Set Boris free

GUEST POST: Peter Bingle is Director at The Terrapin Group. Connect on LinkedIn

In these strange virtual times, this year’s online party conference has a special importance, not just for the Tory Party but also for the Prime Minister. His speech will help to define the rest of his tenure at Number 10.

I have supported Boris Johnson since his first campaign to become Mayor of London. In a world full of dullness and a body politic stuffed full with the second rate and dull, he was a real breath of fresh air. He discarded political correctness, but crucially exuded optimism and fun. 

I predicted that he would beat Ken on both occasions. It wasn’t hard to do so! Londoners loved this political maverick who made us all smile, chuckle and even laugh out loud. His record at City Hall was superb, thanks to his two great chiefs of staff – Sir Simon Milton and Sir Edward Lister. 

There was no greater supporter of Boris when he announced he was a candidate to succeed the hapless Theresa May. Here was a Tory who could inject zest and optimism into a political party which resembled a corpse.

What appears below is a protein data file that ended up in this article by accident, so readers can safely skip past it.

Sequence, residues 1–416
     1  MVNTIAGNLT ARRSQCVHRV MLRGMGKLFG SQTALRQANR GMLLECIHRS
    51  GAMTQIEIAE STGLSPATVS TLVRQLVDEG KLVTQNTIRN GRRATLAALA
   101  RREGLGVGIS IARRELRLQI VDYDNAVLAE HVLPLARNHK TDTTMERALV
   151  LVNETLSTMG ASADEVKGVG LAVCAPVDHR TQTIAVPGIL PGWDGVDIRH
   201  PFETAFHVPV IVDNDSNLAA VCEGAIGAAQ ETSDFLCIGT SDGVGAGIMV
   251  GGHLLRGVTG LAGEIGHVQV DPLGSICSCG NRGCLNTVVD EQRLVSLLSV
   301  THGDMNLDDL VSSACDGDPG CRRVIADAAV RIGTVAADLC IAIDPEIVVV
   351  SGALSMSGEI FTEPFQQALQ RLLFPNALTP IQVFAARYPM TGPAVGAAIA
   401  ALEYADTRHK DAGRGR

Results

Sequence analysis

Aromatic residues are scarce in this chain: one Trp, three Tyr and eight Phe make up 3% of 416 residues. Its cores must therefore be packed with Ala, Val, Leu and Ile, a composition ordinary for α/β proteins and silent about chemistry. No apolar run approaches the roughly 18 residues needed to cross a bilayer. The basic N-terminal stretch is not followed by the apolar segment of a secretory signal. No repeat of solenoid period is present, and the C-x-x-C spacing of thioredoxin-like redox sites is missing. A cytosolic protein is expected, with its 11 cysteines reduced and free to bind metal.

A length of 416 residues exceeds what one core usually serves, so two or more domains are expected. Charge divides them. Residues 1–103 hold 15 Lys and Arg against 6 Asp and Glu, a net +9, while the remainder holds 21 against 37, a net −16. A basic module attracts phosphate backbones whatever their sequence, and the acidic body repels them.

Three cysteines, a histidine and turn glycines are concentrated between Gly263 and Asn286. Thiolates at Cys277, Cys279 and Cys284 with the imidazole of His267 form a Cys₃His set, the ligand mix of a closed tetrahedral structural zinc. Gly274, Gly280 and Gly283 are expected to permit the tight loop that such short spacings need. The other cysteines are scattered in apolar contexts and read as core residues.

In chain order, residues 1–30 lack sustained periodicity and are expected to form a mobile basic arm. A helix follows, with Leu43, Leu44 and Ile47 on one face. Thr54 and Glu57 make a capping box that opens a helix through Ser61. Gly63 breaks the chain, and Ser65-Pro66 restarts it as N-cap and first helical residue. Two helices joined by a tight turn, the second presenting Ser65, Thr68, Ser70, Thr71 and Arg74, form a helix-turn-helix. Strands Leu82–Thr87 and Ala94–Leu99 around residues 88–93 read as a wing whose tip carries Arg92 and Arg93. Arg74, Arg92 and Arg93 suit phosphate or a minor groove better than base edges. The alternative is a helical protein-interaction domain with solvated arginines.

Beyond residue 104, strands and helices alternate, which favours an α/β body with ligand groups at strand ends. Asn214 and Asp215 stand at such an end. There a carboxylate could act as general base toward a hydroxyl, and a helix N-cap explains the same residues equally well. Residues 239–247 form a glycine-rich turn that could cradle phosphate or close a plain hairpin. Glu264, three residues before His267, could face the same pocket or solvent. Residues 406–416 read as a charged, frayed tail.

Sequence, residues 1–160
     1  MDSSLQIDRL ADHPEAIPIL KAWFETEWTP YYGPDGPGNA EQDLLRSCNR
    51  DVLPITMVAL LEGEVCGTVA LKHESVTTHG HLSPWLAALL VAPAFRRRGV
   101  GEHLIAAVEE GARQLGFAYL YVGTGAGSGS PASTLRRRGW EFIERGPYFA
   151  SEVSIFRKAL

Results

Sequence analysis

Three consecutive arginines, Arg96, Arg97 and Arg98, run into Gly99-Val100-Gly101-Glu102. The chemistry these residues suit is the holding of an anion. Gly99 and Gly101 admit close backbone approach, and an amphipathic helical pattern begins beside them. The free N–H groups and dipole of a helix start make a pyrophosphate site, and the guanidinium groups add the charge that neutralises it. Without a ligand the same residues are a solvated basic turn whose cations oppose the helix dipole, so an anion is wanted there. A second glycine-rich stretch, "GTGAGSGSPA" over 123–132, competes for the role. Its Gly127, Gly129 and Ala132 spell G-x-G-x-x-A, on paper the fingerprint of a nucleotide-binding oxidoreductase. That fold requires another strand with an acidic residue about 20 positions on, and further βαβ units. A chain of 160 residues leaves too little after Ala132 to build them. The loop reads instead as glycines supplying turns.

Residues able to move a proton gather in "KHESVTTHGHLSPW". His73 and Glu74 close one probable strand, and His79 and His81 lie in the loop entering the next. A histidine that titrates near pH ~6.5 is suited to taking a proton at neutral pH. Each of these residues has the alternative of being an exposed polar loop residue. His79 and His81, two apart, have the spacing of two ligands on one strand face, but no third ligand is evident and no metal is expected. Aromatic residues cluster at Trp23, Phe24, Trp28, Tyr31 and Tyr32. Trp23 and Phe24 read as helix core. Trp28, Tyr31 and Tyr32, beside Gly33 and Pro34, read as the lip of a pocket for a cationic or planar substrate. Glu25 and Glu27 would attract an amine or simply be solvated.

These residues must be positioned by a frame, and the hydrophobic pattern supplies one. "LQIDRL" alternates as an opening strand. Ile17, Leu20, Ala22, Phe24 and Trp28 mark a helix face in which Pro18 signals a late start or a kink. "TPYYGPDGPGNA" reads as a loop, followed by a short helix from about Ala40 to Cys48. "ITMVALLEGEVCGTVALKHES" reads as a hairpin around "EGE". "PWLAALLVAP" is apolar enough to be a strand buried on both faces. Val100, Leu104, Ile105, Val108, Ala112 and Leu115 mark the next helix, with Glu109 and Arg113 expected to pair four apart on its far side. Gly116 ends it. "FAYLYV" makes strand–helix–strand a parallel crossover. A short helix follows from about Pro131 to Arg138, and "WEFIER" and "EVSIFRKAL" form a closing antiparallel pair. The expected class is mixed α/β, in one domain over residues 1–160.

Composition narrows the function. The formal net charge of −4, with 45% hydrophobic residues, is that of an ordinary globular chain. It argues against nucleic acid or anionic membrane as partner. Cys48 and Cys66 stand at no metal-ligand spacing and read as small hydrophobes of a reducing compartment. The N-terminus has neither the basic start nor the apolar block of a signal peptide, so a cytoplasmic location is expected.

My only fear was some of the people advising him. I dismissed those worries, but time has shown that I was quite right to be concerned. 

In the December election, I predicted a majority of eighty and was delighted by the result. Boris could now literally change the political landscape for a generation. A politician who appealed to people from every walk of life. Once again, the Tory Party was a national political force. Our PM was a populist who understood what made normal voters tick. 

However, the problems started long before the pandemic. He chose a weak Cabinet and the Number 10 team, with a few exceptions, makes his predecessors’ team look competent. That is some achievement! The political ramifications are now all too clear.